In this example we are changing this function to display Editor instead of Post Author. To do that we have modified the comment callback function like this:

// If current post author is also comment author, make it known visually.

( $comment->user_id === $post->post_author ) ? '<span> ' . __( 'Editor', 'twentytwelve' ) . '</span>' : '');

We are also going to modify the way it looks by adding the following in our theme’s style.css file like this:

li.bypostauthor cite span {
	color: #21759b;
	background-color: #f8f0cb;
	background-image: none;
	border: 1px solid #f8f0cb;
	border-radius: 3px;
	box-shadow: none;
	padding: 3px;

This is how it would look like:

Styling aurhor comments differently in WordPress comments

Styling Comment Reply Link in WordPress Comments

Most WordPress themes have a reply link below each comment. This functionality is only displayed if you have threaded comments enabled. To enable threaded comments, go to your WordPress admin (Settings » Discussion). Look at the section where it says other comment settings, and check the box for enable threaded (nested) comments.

The default CSS classes generated by WordPress for the reply link are reply and comment-reply-link. We will be using those classes to modify the reply link and turn into a CSS button.

.reply { 
	margin:0 10px 10px 0;
	background-color: #55737D;
	border:1px solid #55737D;
	box-shadow: 1px 1px 2px 2px #4f4f4f;

.comment article {

a.comment-edit-link {
	color: #FFFFFF;
	font-size: 13px;
	font-size: 0.928571429rem;
	line-height: 1.846153846;

a.comment-edit-link:hover {
	color: #f6e7d7;

This is how it would look like:

Styling the comment reply button in WordPress comments using CSS

Styling Comment Edit Button

In most WordPress themes, logged in users with the capability to edit comments can see a comment edit link below each comment. Here is a little CSS that uses the default class comment-edit-link to modify the appearance of the link.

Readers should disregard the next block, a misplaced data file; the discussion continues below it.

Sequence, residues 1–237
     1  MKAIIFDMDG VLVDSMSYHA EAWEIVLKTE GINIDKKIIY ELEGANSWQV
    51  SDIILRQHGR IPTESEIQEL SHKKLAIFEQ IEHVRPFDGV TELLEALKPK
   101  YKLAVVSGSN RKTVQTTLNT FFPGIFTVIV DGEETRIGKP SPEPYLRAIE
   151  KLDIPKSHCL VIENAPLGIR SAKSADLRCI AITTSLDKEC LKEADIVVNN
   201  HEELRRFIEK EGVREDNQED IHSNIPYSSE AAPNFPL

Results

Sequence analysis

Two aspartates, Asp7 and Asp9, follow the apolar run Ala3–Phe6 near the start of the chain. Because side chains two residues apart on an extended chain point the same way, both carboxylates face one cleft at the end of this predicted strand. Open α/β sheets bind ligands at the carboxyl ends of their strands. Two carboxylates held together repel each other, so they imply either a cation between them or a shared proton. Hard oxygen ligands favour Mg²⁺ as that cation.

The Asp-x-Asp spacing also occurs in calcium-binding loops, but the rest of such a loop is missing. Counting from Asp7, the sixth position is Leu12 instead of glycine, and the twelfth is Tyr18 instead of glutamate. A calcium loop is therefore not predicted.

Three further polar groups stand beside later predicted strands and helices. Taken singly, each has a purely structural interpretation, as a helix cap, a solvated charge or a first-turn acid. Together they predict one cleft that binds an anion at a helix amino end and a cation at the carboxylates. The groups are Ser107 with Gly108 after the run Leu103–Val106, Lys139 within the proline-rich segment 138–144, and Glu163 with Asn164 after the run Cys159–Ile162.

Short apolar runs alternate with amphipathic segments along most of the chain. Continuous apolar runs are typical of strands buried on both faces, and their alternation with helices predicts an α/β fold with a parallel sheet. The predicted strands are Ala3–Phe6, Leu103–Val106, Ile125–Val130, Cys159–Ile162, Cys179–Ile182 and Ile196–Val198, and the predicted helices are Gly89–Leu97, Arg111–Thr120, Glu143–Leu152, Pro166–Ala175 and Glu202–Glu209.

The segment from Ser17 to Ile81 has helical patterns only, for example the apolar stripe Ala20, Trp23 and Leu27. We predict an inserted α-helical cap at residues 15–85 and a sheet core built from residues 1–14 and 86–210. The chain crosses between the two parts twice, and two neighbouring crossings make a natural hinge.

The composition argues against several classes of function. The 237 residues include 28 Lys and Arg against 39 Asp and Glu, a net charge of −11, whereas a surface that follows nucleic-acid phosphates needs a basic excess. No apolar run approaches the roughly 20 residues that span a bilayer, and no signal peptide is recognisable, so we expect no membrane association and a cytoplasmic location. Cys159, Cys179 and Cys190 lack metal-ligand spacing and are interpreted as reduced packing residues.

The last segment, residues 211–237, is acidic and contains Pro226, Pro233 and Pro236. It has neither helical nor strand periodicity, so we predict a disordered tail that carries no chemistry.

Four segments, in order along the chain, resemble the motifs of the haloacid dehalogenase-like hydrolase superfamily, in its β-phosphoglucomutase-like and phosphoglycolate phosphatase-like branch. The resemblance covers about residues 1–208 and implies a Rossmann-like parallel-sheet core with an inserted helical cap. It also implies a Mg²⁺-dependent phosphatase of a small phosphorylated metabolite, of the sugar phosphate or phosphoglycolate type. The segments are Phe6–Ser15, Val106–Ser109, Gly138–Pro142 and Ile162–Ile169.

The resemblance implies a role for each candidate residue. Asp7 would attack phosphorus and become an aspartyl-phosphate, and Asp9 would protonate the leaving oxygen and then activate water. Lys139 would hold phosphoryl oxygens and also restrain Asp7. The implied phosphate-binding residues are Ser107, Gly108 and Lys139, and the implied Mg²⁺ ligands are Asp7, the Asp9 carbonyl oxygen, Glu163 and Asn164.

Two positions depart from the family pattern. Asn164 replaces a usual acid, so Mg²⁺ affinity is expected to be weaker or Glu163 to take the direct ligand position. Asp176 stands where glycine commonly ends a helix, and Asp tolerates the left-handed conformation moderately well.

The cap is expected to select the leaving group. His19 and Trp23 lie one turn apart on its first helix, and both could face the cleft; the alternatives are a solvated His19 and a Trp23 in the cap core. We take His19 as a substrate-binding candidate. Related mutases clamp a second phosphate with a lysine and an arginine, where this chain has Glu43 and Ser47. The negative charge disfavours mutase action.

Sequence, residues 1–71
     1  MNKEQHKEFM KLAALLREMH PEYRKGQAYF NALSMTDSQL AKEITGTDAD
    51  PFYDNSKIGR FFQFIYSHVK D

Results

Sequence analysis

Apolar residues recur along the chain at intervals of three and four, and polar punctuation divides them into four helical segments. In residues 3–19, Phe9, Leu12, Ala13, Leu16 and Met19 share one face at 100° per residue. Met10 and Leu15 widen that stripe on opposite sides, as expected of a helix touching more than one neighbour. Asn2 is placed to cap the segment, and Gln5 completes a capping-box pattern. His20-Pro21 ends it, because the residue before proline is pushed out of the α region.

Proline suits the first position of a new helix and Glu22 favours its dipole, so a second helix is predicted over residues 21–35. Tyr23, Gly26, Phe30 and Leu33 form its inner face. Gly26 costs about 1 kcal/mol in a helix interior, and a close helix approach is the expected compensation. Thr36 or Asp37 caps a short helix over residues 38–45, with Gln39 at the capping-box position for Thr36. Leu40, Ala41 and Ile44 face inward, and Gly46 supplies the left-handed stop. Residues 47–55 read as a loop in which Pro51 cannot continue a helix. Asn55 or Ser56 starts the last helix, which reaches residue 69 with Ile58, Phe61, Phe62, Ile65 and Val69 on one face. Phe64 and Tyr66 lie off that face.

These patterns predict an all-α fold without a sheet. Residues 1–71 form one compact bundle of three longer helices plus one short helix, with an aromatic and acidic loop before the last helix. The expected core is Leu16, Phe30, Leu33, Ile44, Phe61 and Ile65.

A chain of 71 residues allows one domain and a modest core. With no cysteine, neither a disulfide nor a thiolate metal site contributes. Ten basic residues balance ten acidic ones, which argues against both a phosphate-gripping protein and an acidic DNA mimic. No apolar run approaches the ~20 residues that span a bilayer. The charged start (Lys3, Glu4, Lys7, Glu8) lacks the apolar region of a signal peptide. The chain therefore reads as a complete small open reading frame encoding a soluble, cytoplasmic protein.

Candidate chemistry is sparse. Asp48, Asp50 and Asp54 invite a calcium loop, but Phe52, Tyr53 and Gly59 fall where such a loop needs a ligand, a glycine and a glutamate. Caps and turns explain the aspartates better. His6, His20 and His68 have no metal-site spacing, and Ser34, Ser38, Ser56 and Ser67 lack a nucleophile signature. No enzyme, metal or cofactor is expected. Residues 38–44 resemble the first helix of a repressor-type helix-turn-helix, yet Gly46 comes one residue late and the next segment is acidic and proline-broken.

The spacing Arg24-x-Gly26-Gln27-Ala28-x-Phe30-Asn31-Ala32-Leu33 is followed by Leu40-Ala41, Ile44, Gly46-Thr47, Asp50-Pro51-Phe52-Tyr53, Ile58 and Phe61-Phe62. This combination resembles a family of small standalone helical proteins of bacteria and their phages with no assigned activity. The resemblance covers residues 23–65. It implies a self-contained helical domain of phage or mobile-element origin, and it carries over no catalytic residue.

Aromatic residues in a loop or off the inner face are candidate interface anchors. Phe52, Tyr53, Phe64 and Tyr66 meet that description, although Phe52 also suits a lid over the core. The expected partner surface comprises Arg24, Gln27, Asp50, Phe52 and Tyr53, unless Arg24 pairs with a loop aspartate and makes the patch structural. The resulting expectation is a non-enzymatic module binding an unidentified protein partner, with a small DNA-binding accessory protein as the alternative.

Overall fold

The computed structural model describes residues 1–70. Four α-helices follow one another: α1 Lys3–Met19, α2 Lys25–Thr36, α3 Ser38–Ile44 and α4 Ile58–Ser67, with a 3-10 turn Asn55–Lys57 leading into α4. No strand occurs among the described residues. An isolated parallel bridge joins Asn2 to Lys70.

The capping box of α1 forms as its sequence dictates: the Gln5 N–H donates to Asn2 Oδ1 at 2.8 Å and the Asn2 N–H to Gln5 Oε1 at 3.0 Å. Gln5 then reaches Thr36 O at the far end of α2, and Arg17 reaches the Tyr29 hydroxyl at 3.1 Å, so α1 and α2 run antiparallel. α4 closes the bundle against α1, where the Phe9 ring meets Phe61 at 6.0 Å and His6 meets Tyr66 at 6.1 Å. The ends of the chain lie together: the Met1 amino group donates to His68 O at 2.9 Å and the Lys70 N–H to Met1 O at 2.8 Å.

a.comment-edit-link {
	margin:0 0 10px 10px;
	background-color: #55737D;
	border:1px solid #55737D;
	box-shadow: 1px 1px 2px 2px #4f4f4f;

Here is how it would look like:

Using CSS to style comment edit link in WordPress Comments

Styling Cancel Comment Reply Link

In most good WordPress themes, clicking on the Reply link opens up the comment form just below the comment you are replying to with a link to cancel comment reply. Lets modify this cancel comment reply link by using the default CSS ID cancel-comment-reply.

#cancel-comment-reply-link  { 
	background-color: #55737D;
	border:1px solid #55737D;
	box-shadow: 1px 1px 2px 2px #4f4f4f;

Here is how it would look like:

Styling the cancel comment reply link in WordPress comment reply form

Styling the WordPress Comment Form

Usable, aesthetically pleasant and stylish comment forms encourage users to leave a comment on your blog. Earlier we have written a detailed article about how to style WordPress comment form. We would highly recommend that you go check that out to see how you can take your WordPress comment form to next level.

We hope that this article helps you style your WordPress comments layout. If you have any questions or suggestions, then please feel free to let us know by leaving a comment below.